celiac disease and safety

Living with celiac disease means you need to avoid gluten in order to protect the health of your small intestine. In this way, we have this idea that something is celiac-safe if it is gluten-free and meets our needs.

But safety with celiac disease goes beyond gluten-free food. It’s easy to get caught up in the gluten-free side of things and as a result, neglect other areas that play into safety with celiac.

Eating gluten-free isn’t the only way to keep yourself safe; it’s important and we shouldn’t let it define our safety entirely. There are a lot of other things that should be factored into celiac disease and safety levels.

Defining Celiac Disease Safety

When you hear “celiac-safe”, what do you think of? I know a lot of people immediately think the food item is gluten-free with limited to zero risk of cross-contact. On the surface, this is appropriate, but I’d argue that “celiac-safe” can mean much more than that.


Often, people only factor in if something is gluten-free into the equation of celiac-safety, but what about our boundaries? What about our mental and emotional needs? What about our quality of life?

Ultimately, you’re not practicing a safe gluten-free lifestyle if it is at the expense of never eating out, never attending parties, never traveling, or panicking at the sight of gluten. You can do all of these things  and more with the proper precautions.

Boundaries and Celiac Safety

Boundaries are a huge part of celiac and safety. Your boundaries help you manage actions and interactions with others. They help you limit unhelpful situations to keep you safe, and they foster more helpful environments.

It’s important that here, you understand the difference between a boundary and restriction.

Boundaries are setting expectations and guidelines to help keep yourself safe. Restrictions are simply not allowing something (ever).

For example, a boundary around dining out might be that you choose restaurants that have gluten-free menus and allergen protocols, where a restriction might be that you never dine out.

To recap: boundaries are guidelines set in place to maintain safety while leaving room to experience things, restrictions are never allowing those experiences. And while there are some instances of helpful restrictions (like not eating gluten for celiac, or avoiding food due to food allergies or intolerances) there are also times where restriction is more harmful than helpful.

And this applies far beyond just the concept of living with celiac, it applies to dieting and more. Which is why I take an intuitive eating approach with my clients, where we remove all restrictions that aren’t medically necessary from your life in order to help you find a better relationship with food, your body, and your gluten-free life.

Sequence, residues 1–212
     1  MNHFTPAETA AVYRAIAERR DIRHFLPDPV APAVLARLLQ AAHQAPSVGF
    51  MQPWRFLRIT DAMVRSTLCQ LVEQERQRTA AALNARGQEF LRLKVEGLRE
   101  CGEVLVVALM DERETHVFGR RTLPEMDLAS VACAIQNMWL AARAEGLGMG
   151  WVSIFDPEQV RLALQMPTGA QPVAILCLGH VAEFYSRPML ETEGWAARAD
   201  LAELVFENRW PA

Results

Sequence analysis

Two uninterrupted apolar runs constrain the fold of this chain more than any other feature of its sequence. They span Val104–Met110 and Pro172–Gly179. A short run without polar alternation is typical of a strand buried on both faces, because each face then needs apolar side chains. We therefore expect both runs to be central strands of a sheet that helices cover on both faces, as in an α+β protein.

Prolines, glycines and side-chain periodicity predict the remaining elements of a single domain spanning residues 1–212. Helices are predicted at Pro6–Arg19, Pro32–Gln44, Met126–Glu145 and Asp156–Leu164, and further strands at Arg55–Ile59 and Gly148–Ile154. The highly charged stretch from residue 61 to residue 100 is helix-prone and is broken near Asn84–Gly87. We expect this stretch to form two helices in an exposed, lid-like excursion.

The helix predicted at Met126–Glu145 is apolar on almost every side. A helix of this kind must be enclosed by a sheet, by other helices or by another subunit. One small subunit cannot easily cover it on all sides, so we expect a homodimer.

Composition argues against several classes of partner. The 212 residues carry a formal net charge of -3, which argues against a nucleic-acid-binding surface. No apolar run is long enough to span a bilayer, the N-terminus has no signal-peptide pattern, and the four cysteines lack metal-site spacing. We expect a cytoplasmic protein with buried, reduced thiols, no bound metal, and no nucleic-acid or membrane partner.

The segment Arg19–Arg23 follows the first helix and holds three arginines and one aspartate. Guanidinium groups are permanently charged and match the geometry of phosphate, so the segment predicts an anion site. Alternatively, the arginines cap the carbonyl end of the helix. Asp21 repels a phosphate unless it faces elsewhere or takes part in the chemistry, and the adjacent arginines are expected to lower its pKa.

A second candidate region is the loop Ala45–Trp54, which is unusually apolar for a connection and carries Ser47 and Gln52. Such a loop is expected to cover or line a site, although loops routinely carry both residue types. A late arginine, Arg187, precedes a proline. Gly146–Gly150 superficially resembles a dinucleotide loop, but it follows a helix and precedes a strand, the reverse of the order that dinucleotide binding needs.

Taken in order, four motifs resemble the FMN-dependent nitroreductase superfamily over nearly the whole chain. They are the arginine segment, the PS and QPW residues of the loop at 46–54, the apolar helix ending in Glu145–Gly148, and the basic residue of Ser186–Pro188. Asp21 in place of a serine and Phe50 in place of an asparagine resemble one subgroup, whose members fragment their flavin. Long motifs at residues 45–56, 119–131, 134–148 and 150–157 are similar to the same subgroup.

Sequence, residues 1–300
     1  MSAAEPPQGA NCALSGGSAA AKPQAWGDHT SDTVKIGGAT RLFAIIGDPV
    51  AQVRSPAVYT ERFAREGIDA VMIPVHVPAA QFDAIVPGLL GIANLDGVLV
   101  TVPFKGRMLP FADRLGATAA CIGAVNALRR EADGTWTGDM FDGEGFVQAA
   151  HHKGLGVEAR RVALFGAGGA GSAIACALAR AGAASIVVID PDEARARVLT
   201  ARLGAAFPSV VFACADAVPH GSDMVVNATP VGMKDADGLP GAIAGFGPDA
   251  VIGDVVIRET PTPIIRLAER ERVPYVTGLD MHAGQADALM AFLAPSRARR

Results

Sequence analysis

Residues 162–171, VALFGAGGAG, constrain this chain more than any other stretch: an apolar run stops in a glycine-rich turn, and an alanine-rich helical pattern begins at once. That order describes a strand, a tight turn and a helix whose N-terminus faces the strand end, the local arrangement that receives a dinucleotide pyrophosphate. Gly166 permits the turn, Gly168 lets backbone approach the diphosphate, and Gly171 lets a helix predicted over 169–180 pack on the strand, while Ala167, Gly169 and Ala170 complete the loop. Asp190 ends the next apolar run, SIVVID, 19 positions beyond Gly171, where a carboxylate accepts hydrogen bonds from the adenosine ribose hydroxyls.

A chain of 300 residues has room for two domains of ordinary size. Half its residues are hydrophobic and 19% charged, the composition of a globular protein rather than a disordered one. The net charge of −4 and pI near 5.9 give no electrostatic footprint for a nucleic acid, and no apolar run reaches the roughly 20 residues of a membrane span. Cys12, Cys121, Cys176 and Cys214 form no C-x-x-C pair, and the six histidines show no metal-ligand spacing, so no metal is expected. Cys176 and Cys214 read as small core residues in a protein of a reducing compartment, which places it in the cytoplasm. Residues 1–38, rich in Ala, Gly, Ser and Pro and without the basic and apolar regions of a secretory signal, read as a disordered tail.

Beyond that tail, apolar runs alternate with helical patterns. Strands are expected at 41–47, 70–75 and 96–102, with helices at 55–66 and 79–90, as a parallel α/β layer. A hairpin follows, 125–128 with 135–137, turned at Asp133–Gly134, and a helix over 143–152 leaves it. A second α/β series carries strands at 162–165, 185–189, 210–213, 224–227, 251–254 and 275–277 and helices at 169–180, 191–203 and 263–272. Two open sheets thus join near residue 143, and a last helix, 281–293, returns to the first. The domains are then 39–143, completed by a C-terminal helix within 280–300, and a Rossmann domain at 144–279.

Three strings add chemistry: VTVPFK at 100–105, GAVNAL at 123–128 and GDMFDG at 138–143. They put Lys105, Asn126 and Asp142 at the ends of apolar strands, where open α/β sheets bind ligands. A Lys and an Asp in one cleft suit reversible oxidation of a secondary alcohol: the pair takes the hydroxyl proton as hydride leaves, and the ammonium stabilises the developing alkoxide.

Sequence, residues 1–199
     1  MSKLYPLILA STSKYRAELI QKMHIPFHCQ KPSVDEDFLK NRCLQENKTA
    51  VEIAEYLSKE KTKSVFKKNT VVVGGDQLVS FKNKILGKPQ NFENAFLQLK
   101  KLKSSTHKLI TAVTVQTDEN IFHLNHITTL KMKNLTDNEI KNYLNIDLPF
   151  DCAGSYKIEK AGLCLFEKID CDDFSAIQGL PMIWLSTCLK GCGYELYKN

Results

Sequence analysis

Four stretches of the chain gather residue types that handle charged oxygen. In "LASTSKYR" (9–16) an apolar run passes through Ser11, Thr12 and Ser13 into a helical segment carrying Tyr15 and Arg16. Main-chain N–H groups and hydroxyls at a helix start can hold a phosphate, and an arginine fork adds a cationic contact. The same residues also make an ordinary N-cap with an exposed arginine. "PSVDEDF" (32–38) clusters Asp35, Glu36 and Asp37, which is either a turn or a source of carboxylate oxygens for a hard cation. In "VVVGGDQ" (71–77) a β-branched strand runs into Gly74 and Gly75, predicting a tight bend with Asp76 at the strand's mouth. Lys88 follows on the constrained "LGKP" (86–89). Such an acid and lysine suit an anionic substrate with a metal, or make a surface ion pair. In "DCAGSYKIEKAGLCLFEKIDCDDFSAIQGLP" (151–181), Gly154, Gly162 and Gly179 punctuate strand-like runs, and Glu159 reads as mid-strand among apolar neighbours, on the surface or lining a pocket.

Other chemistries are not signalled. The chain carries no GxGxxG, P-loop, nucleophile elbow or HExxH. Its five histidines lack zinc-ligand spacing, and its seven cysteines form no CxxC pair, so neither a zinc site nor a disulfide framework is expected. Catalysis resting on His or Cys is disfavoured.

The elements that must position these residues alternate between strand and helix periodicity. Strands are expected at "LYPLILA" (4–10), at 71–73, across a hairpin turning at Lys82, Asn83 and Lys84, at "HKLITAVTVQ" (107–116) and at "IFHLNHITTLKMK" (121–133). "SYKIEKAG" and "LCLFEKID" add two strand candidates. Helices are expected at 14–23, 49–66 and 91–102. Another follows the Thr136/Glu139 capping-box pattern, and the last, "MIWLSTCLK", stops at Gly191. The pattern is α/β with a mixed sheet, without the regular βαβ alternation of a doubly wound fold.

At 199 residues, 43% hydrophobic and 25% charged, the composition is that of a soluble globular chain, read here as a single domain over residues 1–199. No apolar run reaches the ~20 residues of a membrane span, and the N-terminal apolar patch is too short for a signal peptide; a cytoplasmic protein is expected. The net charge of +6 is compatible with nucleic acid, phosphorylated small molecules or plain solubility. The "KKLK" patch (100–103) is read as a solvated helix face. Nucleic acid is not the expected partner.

Mental and Emotional Health And Celiac Safety

There’s a lot that goes into mental and emotional safety when it comes to celiac disease.

A gluten-free lifestyle has many mental health impacts like social isolation, stress, overwhelm, fatigue, depression and more (learn more about the mental health impacts of a gluten-free life here).

Which is why I think when we are considering safety with people with celiac, that emotional and mental health are both taken into account too.

A lot of things play into this, and paying attention to how your boundaries or restrictions are playing into not just your physical but also your mental health can be helpful.

Also, checking into make sure you’ve allowed yourself to grieve a celiac diagnosis.

Quality of Life with Celiac Disease

Celiac disease and safety means not just taking into physical, mental, and emotional health into account but also just general overall quality of life.

If you feel like your gluten-free needs are paralyzing you or holding you back from doing the things you want to do, you’re not living a safe celiac life.

Of course it’s important to understand that there will be a level of burden with doing things, but when you let your gluten-free needs just simply stop you, your quality of life is at stake.

At some point, your joy, your happiness, and your purpose need to be factored into the equation.

Now I’m not saying it’s ever okay to intentionally put yourself in situations where you know you’ll be exposed to gluten, but I do think there are times where level of risk should be compared to quality of life.

This is done on a situational basis, but again their is a difference between taking appropriate precautions and opting never to put yourself in a situation where a precaution is needed.

What does celiac safety mean for you?

I talked a lot about what should be considered with celiac-safety, but ultimately, you get to define safety for yourself. What do you think? Will you be inviting any of these things into your weighing the safety of situations?

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